Blog dedicated primarily to randomly selected news items; comments reflecting personal perceptions

Tuesday, November 17, 2015

Solomon on the Bench

"Imposing a custodial sentence will not make S.K. more accountable. S.K. is already serving a life sentence. He is a prisoner in his own body."
"I find fleeing the traffic stop was an impulsive and irrational act, but not an act of viciousness."
"I find S.K.'s medical needs are extensive, profound and all-encompassing, requiring virtually 24-hour, seven-day-a-week diligence. Presently those needs are unable to be addressed [in institutional incarceration]."
"Accountability is a central issue in this case. S.K. by his own folly, which culminated in the catastrophic injuries he sustained, has already been rendered accountable for the murder of Constable Styles."
"I find that rehabilitation is not necessary. S.K. is rehabilitated."
Justice Alex Sosna, Newmarket, Ontario courtroom, 16 November 2015
Aaron Lynett / National Post
Aaron Lynett / National Post   The scene on Highway 48 where Styles died after being struck by a vehicle at a traffic stop June 28, 2011.

He is now nineteen years of age, a quadriplegic. Fifteen at the time when he was the principal in an episode that took the life of a York Region police constable aged 32, the father of two young children. This was a 15-year-old boy given to problem behaviour. A teen who often took his parents' van without their permission, let alone their knowledge. He had done so yet again, was driving without a licence, and had three passengers, when Constable Garrett Styles pulled him over for speeding.

This was in June 2011 in East Gwillimbury, and the teen, anticipating his parents' reaction to their son getting a speeding ticket and far more given the other traffic infractions he would be charged with, asked the police officer to simply allow him to carry on. Needless to say, if the reason he would have articulated to the officer was that he was trying to evade having his parents know what he was up to, that argument would have, obviously and for all the right reasons, fallen on deaf ears.

When Constable Styles refused that request, the boy simply refused to exit from the vehicle as ordered. Suddenly the teen who because of his age, is not named -- reflecting the law in protection of under-age individuals involved in criminal offences -- accelerated, dragging along Constable Styles who hung on to the driver's door, across the highway and into a ditch. When the youth lost control of the vehicle it rolled on top of the policeman.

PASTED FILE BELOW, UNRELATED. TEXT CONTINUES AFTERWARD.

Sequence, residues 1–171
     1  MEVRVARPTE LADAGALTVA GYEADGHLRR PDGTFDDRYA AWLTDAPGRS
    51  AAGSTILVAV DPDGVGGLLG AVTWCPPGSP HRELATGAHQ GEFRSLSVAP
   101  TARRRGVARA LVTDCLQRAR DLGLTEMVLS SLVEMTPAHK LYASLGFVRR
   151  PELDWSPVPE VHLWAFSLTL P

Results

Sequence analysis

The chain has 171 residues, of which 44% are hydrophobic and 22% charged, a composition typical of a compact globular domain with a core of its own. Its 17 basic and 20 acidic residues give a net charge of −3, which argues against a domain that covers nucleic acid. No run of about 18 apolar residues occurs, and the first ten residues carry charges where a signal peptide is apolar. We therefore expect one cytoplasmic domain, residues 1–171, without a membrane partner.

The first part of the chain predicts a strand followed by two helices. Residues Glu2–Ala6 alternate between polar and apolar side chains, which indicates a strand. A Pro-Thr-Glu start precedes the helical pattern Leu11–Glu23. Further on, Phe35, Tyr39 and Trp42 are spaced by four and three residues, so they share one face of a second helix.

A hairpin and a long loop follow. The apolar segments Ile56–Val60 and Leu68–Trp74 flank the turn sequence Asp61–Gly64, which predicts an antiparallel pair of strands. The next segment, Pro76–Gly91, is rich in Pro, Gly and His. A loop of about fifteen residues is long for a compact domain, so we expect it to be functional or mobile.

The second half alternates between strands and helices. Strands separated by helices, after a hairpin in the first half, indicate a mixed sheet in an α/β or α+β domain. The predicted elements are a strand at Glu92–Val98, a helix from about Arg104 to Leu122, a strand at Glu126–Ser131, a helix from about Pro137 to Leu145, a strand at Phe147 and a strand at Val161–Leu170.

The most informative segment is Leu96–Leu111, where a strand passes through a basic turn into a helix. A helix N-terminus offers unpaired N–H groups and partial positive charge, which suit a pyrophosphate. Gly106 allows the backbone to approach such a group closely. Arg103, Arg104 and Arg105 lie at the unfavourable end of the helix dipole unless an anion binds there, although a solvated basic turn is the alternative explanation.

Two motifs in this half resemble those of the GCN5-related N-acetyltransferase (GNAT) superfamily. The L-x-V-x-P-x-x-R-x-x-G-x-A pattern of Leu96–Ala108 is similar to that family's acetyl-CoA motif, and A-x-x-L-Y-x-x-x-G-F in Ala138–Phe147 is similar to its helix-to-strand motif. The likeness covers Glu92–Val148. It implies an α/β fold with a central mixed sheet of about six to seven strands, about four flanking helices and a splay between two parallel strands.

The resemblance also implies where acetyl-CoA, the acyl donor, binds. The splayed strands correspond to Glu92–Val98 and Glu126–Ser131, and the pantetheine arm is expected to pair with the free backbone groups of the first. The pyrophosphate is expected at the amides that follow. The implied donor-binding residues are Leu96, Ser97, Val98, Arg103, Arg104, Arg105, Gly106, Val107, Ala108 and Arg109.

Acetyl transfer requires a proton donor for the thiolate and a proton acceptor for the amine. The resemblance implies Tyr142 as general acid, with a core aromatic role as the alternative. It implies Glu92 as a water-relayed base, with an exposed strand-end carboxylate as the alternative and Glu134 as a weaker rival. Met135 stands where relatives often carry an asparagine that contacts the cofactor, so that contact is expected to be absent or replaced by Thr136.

Peter J. Thompson/National Post
Peter J. Thompson/National Post    Police march down Yonge Street in Newmarket July 5, 2011 in remembrance of fallen comrade Constable Garrett Styles.

The judge, noting the "horrific and painful impact" of Constable Styles' death on family and friends and the "profound" effect the manner of his death imposed on the police community, forged on nonetheless, and set aside the Crown request for a prison sentence of five years in "open custody" along with four years of community supervision, recommending a wheelchair accessible prison located in Milton, Ontario for the open custody portion of the sentence.

In view of the fact that the youth, now 19, has no use of his hands or feet and requires assistance with ordinary everyday living tasks like bathing, feeding and washroom use, needing to be rolled over in bed twice nightly, and regularly monitored for medical complications, Justice Sosna felt that justice would better be served with a modicum of compassion for the teen who has suffered the consequences of his actions.

The teen's youth, the fact he had no previous record and was a good student, along with the unconditional support of his family, and in view of his life-altering and -shortening injuries, compelled the judge to suspend sentencing and impose instead a requirement that S.K. speak publicly three times annually for the next four years to explain how his injuries were caused, to deter others who might make "the same inappropriate decisions".

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